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Types of troops on the medieval battlefield

In this article, researcher Dan Spencer describes the types of people who comprised a medieval army.
© University of Southampton 2015
In this article, Dan analyses the composition of a medieval army.
By the early fifteenth century armies contained two main types of soldier in military terms – men-at-arms and archers. The former incorporated men of varied social statuses from royal dukes to lesser landowners. These men comprised the warrior elite of Medieval England, trained from an early age in the use of weapons and horsemanship, even though in battle situations from the middle of the fourteenth century onwards, they mostly fought on foot. The foot joust had developed as a form of training.
By contrast, the archers were of a lower social status, typically being members of the upper ranks of the peasantry as well as servants of noble and gentry households. Other individuals recruited for the expedition included miners, gunners, masons, carpenters, smiths and carters who were necessary for the operation of the royal artillery and other equipment.

Peers, knights and men-at-arms

Wages were determined by social status. It was for this reason that peers, knights and men-at-arms were paid different rates of pay based on their rank. Members of the nobility were given large sums for military service: a duke received 13s 4d per day, an earl 6s 8d, a baron 4s. The knights also received substantial rates of pay, with high ranking knights, known as knights banneret, in receipt of 4s a day, whereas the knight bachelor was paid 2s. Ordinary men-at-arms were paid half as much per day as the knights, receiving 1s (or 12d). This was none the less a high daily wage, equivalent over a year to the income of a small landed estate. It is hardly surprising that such men gained social status through military service: the term ‘esquire’ was synonymous in 1415 with ‘man-at-arms’.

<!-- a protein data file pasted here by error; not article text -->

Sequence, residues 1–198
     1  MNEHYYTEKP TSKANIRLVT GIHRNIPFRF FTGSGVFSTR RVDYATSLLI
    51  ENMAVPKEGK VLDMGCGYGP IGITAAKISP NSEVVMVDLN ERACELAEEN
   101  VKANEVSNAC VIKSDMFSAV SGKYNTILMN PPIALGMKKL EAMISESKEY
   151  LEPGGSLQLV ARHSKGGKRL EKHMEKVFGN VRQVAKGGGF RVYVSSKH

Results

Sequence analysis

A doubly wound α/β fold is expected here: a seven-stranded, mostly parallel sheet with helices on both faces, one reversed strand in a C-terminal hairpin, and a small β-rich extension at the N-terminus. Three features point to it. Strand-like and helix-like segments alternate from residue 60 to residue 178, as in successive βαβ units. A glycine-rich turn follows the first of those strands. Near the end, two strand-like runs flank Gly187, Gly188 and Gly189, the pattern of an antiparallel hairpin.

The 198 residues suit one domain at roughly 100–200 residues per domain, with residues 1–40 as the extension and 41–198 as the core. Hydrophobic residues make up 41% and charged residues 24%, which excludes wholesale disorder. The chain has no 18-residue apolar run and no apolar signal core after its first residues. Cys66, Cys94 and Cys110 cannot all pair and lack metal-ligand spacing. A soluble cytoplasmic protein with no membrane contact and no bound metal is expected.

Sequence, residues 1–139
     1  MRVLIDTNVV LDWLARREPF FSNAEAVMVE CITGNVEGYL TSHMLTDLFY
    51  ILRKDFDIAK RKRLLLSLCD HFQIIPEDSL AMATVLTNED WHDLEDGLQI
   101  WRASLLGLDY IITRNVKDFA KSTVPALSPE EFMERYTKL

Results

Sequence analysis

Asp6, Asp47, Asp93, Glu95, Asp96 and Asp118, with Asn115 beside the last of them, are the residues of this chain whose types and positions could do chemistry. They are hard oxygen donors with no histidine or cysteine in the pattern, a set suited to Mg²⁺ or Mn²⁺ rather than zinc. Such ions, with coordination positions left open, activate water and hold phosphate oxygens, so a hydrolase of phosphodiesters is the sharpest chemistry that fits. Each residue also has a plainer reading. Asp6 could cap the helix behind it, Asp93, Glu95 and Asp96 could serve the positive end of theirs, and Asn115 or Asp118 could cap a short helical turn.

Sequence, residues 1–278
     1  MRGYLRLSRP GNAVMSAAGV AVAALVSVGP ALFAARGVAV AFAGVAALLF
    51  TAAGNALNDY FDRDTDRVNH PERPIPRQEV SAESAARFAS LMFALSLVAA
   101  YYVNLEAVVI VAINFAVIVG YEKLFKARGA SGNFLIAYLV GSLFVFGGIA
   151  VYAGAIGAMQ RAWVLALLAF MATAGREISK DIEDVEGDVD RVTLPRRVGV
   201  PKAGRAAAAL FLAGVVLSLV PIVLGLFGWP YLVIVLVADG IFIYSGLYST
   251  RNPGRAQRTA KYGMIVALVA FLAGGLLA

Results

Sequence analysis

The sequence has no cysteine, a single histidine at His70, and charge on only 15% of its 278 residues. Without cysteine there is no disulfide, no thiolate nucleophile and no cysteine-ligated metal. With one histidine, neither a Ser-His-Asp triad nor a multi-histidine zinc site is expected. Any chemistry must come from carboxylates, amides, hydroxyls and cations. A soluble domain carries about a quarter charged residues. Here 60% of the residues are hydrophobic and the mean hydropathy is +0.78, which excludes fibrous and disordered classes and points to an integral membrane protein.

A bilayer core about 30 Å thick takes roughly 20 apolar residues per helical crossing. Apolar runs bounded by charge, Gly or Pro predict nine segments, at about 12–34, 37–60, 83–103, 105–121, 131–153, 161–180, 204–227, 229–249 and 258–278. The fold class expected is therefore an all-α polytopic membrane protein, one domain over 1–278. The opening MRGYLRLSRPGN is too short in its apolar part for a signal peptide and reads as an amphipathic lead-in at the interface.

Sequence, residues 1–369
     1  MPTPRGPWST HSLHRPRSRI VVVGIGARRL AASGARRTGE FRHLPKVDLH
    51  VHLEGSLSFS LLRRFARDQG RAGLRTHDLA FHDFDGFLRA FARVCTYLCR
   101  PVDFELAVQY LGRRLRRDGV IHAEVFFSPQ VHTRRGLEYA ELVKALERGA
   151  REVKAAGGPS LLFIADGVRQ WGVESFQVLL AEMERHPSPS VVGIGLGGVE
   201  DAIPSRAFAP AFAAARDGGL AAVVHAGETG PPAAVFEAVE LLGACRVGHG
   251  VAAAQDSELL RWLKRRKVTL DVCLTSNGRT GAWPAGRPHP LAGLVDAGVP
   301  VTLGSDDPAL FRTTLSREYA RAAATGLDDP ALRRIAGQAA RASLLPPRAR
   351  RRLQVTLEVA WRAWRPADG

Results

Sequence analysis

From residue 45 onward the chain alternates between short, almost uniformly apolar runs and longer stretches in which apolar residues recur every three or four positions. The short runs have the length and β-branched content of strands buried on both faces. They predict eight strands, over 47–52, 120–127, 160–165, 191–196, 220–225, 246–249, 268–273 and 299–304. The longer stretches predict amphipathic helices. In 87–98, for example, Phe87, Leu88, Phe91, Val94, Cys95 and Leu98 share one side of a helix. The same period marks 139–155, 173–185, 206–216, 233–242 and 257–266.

All of the men-at-arms in a retinue were also entitled to a share of a bonus paid to the leader of retinue known as the ‘regard’. The rate for this was 100 marks (£66 13s 4d) for every 30 men-at-arms for every three month period in service. The regard was intended as a way of subsidising the substantial costs involved in the purchase of armour, horses and other equipment for military service. Men-at-arms would also have been accompanied by a number of servants and pages who would assist them on campaign.


Archers formed the bulk of the soldiers recruited for the 1415 expedition to France. A ratio of one man-at-arms for every three archers was regarded as optimum. This was a marked increase in the proportion of archers in comparison with the late fourteenth century when the English tended to have a ratio of 1:1, and reveals not only confidence in archers but also their cheapness. They were paid 6d per day, half the wage of a man-at-arms. Increasing the proportion of archers enabled Henry to raise a larger army. All men had to practise with the bow on Sundays, so there was a large pool to draw on. The archers in the muster rolls were commonly described as ‘yeomen’ (valetti in Latin and valets in French), indicating that they had social status by virtue of their military service. By 1415 most archers recruited for overseas expeditions were expected to be mounted whilst on campaign although, like the men-at-arms, they dismounted to fight in battle. Evidence suggests that archers would typically have one horse, men-at-arms more, and the nobility took large numbers of mounts with them.


The 1415 expedition to France was notable for the provision made to procure gunpowder artillery, testimony to Henry’s intention to wage a campaign of conquest via sieges. Expertise in England was limited and therefore large numbers of gunners from overseas, mainly from the Low Countries, were recruited. These individuals were responsible for the construction, maintenance and repair of guns, as well as creating gunpowder from its component parts of saltpetre (potassium nitrate), sulphur and charcoal. Other artificers were also hired in 1415, including 100 masons, 120 carpenters, forty smiths and sixty carters. These craftsmen also contributed to the artillery, by carving gunstones for ammunition, creating wooden structures known as mantlets to protect the guns, carrying out repairs and moving the equipment. The intention to carry out sieges is also evidenced in the recruitment of a company of miners from the Forest of Dean.
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© University of Southampton 2015
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Agincourt 1415: Myth and Reality

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